There has been a number of different hypotheses regarding the causal relationship. The quantity theory of money posits that money is determined exogenously. Cagan (1965) argues that money supply presents both endogenous and exogenous properties. For short-run and cyclical fluctuation, Cagan (1965) proposed a relation in which the money supply is endogenously determined by changes in the real sector. In the monetarist view an increase in the money supply, may lead to an increase in output in the short-run, however in the long-run it may only impact prices. Monetarists abandon the existence of a long-run Phillips curve trade-off, while allowing for the possibility of a short-run trade-off as expectations adjust. Nominal rigidities models by incorporating rational expectations had shown that monetary shocks do have real effects (Fischer, (1977), Phelps and Taylor, (1977), Taylor, (1979)). The monetarist position implies a short-run trade-off between real and nominal magnitudes, with money supply impacting prices alone in the long-run. The rational expectations school would rule out short-run as well as long-run causality from anticipated money supply to output. The different Keynesian models, emphasising rigidities, lead to theoretical short-run or short-run as well as long-run causation from money supply to output depending upon whether the structural rigidities are short-term or long-term. Which of these positions best describes the Chinese context can only be determined by an empirical methodology that is capable of distinguishing between causality in the short-run and the long-run. The commonly used time domain methodologies of determining direction and strength of causality do not decompose causality by different time horizons. This weakness constitutes a limitation on the empirical understanding of the money-income and money-prices causality in the Chinese context. Given this background my study intends to investigate the money and output and money and price causality.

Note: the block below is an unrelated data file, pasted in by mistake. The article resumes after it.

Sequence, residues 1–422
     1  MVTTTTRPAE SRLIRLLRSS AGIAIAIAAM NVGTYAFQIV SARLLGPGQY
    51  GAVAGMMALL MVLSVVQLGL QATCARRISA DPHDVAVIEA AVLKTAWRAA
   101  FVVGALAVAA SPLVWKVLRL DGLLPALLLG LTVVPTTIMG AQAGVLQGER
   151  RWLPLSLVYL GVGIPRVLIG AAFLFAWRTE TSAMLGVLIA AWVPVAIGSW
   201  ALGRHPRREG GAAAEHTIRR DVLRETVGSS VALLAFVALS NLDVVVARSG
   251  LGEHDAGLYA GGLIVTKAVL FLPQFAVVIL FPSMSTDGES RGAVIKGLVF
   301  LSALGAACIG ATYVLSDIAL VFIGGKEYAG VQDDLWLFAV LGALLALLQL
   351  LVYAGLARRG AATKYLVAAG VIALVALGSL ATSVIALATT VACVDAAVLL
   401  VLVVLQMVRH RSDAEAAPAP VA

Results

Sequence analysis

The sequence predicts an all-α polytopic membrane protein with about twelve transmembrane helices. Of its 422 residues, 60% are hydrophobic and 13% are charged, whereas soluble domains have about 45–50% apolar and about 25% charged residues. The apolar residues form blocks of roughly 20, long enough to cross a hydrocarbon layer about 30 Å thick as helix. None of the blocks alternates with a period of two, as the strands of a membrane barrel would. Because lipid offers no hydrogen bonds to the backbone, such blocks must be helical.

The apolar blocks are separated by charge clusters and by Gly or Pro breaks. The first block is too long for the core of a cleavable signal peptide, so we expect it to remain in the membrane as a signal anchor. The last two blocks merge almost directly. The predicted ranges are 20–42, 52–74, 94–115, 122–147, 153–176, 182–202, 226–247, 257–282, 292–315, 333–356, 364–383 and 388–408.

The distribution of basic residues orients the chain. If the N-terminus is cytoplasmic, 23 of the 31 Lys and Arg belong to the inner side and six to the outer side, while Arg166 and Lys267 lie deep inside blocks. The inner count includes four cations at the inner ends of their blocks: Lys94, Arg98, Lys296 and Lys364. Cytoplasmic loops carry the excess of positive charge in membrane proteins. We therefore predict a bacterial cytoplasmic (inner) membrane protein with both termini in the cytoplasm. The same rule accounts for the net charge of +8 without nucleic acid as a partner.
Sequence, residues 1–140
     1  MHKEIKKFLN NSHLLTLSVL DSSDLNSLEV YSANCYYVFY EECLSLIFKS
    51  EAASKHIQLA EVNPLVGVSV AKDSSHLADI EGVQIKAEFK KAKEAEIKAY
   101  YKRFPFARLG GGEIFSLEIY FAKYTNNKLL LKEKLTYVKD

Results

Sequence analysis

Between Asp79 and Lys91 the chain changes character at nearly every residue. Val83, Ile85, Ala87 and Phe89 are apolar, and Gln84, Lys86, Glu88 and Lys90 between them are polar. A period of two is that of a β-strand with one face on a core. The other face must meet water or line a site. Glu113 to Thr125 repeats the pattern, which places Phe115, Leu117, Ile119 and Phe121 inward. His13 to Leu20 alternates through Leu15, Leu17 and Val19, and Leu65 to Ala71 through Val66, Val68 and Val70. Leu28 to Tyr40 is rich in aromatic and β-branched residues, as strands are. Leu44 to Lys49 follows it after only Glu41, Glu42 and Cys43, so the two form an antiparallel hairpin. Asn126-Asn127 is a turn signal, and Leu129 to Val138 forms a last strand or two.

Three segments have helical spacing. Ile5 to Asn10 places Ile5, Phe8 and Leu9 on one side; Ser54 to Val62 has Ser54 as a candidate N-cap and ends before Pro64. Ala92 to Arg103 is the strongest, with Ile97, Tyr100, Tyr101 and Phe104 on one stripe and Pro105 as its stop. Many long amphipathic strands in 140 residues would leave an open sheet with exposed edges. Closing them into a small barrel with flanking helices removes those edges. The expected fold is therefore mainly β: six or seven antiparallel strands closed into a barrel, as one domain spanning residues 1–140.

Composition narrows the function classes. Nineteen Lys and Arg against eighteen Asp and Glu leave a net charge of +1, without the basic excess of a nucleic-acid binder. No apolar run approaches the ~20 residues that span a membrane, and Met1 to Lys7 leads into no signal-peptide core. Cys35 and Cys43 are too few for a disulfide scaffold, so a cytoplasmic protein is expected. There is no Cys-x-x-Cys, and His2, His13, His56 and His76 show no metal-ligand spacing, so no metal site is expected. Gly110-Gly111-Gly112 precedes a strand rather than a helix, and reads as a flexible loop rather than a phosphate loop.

Start date:October 2015
Research Topic:Causality Between Output, Prices and Currency in China
Research Supervisor:Professor Patrick Minford
Supervising school:Cardiff Business School, Cardiff University
Primary funding source:ESRC Studentship